Susan Sontag was more of a figure than a person. Intimidatingly intelligent and self-assured, she was an embodiment of an intellectual. Suffice to say there is only one woman Hitchens talks in any length about in his memoir (other than his mother) and it’s Susan Sontag. Even Hitchens, the notorious woman-ignorer (if not necessarily a woman-hater) couldn’t ignore Sontag.
It felt good to be reading Susan Sontag. Also I sure looked good reading Sontag, walking around with black and white Penguin Modern Classic that just spelled class. I milked it, taking the Circle line and going in circles for hours basking in my intellectual superiority, looking down on my fellow commuters reading Fifty Shades of Horsecrap or some hyped thriller of the day. (I didn’t really do that. That would be crazy. I’m not crazy.) I even took a photo, so that I could post it on Facebook, Twitter and Instagram and let everyone know just how smart I was. (But for some reason I decided against brushing my hair that day.)
Of course, if I were taking this intellectual adventure seriously, I’d be reading Sontag’s essays, not novels, and they obviously are on my four or five thousand items strong to-read list but meanwhile let’s have a quick look at this (post)modernist trip.
Sontag was not a great novelist, mostly because she was a great critic and it seems you can’t be both. (I really hope that means I will be a great novelist). But that is not to say that this ‘Death Kit’ is completely without its merit – even though the book seems too calculated and self-aware, there passages of unexceptional brilliance.
Diddy, the protagonist, barely deserves to be called the hero of the novel because he is just so unmemorable and pedestrian. If I were to compare him to a famous figure, it would be Nick Clegg. I don’t know about you but I have to Google him every time to remind myself what his face looks like (I just did it again).
So we have Diddy: "Diddy, not really alive, had a life. Hardly the same. Some people are their lives. Others, like Diddy, merely inhabit their lives." Diddy, who tried to take his non-life but failed and after having been released from hospital embarks on a non-adventure, where things might or might have not happened. He might have killed a railway worker and might have started an affair with a blind girl. But of course the air of ‘is this all a dream’ pervades the novel and causes a mild frustration to the reader (or at least it did to this particular reader). It’s all very Kafkaesque, and now that I’ve actually read Kafka, I can say it with some authority.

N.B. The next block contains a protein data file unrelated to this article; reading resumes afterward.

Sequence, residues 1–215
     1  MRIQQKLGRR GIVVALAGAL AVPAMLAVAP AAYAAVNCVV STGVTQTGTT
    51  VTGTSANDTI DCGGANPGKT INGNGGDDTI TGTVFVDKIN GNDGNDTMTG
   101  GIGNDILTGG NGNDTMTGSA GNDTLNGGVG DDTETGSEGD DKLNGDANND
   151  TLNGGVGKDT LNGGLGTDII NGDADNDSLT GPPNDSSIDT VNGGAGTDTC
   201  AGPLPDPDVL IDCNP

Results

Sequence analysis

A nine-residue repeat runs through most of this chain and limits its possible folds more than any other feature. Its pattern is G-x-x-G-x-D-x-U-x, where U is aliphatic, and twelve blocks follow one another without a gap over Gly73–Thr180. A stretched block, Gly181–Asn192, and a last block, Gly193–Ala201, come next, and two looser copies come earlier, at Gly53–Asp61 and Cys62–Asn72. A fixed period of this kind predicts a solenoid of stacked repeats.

As many critics writing novels Sontag uses this rather poor excuse of a plot to continue writing essays about art and philosophy and what’s real and what’s not real, and how real is real anyway, but really these ruminations should have never happened in the mind of her ‘Diddy the bland’ protagonist. He’s just really not that kind of guy. As a result we have embryos here – an embryo of a novel and an embryo of a collection of essays. And they could potentially grow into something fabulous but they just never have the chance. So sad.
In her Paris Review interview Sontag says:
“Oddly enough, the plot is what seems to come all of a piece—like a gift. It’s very mysterious. Something I hear or see or read conjures up a whole story in all its concreteness—scenes, characters, landscapes, catastrophes. With Death Kit, it was hearing someone utter the childhood nickname of a mutual friend named Richard—just the hearing of the name Diddy.”
I know we shouldn’t look a gift horse in the mouth but, Susan, some gifts are just not that great.
However, having read this entire interview with Sontag (http://www.theparisreview.org/interviews/1505/the-art-of-fiction-no-143-susan-sontag), I am now convinced she is my spirit animal. (Although you can see how she is better at talking about her novels than writing them.)
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